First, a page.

Anika Thym, Annette von Alemann December 2018
Conferences organised by the International Research Association of Institutions of Advanced Gender Studies (RINGS) are usually like a global news broadcast on gender studies and struggles around gender relations in different countries all over the world. They assist participants to understand better differences and similarities in global and local developments and to strengthen global solidarity. After conferences in the Czech Republic, South Africa and Iceland, the fourth RINGS conference “The State of the Art of Feminist and Gender Studies: Convergences, Divergences and Plurality of Views” took place in Portugal from the 17th to the 19th of October 2018. It was hosted by Anália Torres, Paula Campos Pinto and their team at the Interdisciplinary Centre for Gender Studies (CIEG) in collaboration with the Institute for Social and Political Sciences (ISCSP) at the University of Lisbon. It took into consideration the growth of Gender Studies and its contributions for understanding the persistence of gender inequalities and emancipatory approaches. A starting point was the differences within the field – theoretical, empirical, (geo)political or generational – which are always also linked to the specific social and political circumstances. The goal of the conference was to address the potential that may arise of this plurality of views. Questions that were present throughout the conference were: How and when were Gender Studies established and why are gender equality issues under attack in some countries? Why are they not in others? How are gender issues situated in the political spectrum – in post-Soviet countries, in the ‘West’, and in the ‘Global South’? How can we understand recent political developments around gender and how can we use those insights to contribute to emancipatory change?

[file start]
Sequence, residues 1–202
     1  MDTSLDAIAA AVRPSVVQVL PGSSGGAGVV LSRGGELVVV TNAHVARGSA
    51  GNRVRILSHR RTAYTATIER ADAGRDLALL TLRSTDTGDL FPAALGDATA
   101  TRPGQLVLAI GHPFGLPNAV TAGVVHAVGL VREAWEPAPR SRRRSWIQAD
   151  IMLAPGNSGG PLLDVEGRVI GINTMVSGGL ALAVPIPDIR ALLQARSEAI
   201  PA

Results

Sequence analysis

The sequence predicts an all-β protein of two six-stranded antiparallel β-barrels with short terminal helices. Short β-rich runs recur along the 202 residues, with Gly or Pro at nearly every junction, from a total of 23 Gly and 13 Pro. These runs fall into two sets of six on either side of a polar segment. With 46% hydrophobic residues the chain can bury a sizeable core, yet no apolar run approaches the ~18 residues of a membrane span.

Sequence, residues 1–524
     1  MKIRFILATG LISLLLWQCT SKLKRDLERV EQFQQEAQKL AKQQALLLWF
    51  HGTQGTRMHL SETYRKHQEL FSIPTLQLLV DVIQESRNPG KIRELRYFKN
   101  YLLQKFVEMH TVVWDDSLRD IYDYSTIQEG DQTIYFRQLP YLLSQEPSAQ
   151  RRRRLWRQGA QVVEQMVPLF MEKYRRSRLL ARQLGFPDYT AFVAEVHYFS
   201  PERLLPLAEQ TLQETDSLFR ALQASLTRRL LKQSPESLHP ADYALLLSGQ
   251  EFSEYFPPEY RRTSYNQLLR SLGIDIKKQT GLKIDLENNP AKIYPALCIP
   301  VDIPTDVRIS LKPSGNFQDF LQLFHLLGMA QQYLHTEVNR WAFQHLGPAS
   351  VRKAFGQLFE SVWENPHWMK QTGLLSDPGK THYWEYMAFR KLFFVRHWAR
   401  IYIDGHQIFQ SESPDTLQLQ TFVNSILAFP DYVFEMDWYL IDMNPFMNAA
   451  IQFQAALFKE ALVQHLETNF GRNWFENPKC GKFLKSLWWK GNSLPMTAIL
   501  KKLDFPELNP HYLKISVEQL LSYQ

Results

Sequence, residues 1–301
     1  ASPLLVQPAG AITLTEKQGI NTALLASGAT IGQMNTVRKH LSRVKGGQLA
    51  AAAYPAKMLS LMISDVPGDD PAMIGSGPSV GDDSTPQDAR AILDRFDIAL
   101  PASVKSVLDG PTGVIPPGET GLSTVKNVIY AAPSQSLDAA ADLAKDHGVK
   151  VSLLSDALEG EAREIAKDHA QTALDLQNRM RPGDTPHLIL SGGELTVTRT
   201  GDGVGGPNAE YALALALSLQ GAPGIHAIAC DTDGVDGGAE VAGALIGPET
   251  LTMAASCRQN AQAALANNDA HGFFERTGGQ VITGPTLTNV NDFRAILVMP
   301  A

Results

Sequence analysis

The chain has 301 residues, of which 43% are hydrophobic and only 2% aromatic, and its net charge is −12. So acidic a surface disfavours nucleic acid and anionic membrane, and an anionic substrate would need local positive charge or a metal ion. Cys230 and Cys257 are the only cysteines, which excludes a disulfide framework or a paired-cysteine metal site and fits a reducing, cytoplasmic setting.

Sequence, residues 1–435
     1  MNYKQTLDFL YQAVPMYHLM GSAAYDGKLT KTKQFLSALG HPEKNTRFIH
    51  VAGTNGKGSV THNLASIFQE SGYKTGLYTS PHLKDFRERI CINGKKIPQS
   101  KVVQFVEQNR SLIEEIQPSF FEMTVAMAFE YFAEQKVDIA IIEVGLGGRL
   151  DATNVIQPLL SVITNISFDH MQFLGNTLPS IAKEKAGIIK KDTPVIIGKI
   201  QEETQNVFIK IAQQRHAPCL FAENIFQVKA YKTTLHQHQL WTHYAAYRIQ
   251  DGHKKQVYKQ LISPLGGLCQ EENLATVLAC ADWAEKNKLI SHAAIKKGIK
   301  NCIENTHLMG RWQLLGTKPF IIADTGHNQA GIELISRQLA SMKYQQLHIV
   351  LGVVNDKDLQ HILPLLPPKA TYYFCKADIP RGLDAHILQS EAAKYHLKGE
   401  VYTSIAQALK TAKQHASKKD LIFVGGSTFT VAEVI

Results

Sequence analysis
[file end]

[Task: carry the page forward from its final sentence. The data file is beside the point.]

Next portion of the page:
In many countries, Gender Studies were established in the 1990s and 2000s. Until now, they have been institutionalized as fields of teaching and research with study programmes and centres for gender research and scientific coordination. Gender Studies and gender research have a strong presence in Swedish academia. At the same time, there are persisting gender inequalities and the relation between academic gender mainstreaming and gender studies is often a challenging one (Liisa Husu; Anne-Charlott Callerstig). As regards Germany, there has been a strong institutionalization of gender research and studies, but new struggles and attacks, often from right-wing political actors, but also from within academia, have arisen concerning the value of gender equality and Gender Studies in society (Annette von Alemann). In South Africa, gender studies were established in 1994, after the end of apartheid (Tamara Shefer). Until now, there are strong patriarchal and colonialist logics in research and pedagogy, but there are also new forms of resistance and activism, including art performances. In Russia, Gender Studies were established in the 1990s after the end of the Soviet Union (Olga Shnyrova), through funding from Western programmes, but also arising from an internal demand for new theorizing. Marxist theory was rejected and gender research could contribute to developing the social sciences. After a “golden age” from 2000 to 2008, Gender Studies entered a crisis. The authoritarian regime that was being established along with patriarchal family values was incompatible with gender equality. This shift was followed by a rise of anti-gender movements and the closing of several Gender Studies programmes which is itself part of a wider attack on critical research. The currently most prominent example of these kind of attacks is Hungary, where on the 15th of October 2018 Gender Studies was removed from the list of approved accredited programmes to study at universities without any public explanation (Jasmina Lukic). As the Central European University is also accredited in the USA, the university is able to continue with its Gender Studies programme, by way of US-American certification (Update: The CEU has now moved its seat to Vienna (Austria), and will launch its degree programms in September 2019). The latest example of severe attacks against gender equality and gender diversity was given by keynote speaker Adriana Piscitelli from Brazil. Having been one of the first Latin American countries to establish Gender Studies, Brazil had made progress on gender equality issues. Legalization of abortion, LGBTIQ issues, sex markets, and the relations of violence and sexuality all became socially discussed topics. These achievements have been questioned recently under a “moral crusade” against social change and in defence of traditional family values. The recent election of the authoritarian far right president Jair Bolsonaro is likely to worsen the situation for those who are not rich, male, white, heterosexual and Christian. A similar situation can be found in the Czech Republic, which is already dominated by right-wing populism, attacks on feminism and gender policies, and a revival of the (Catholic) church (Iva Smidova; Blanka Nyklova). Discussions about the implementation of the Istanbul Convention expose polarized perspectives on human, women’s and LGBT rights. The Gender Studies centre at Masaryk University was closed in 2017 by reference to a lack of students; Gender Studies at the Czech Academy of Sciences and NKC in Prague remains. At the same time, however, NGOs and student groups began organizing events on feminist topics, and the Czech women’s lobby recently sued an ‘antigenderist’ for spreading panic. In all these countries, the discontent about social changes and increased social inequalities – especially after the 2007/08 economic and financial crisis – is manifested in form of polarizations. The collective struggle against any form of discrimination and violence is opposed and hindered by the right-wing authoritarian and neoliberal forces that contribute to increasing inequalities. Authority and the promise to put a specific nation or group first are offered as an efficient solution to the felt and experienced injustice, neglect and social dissent.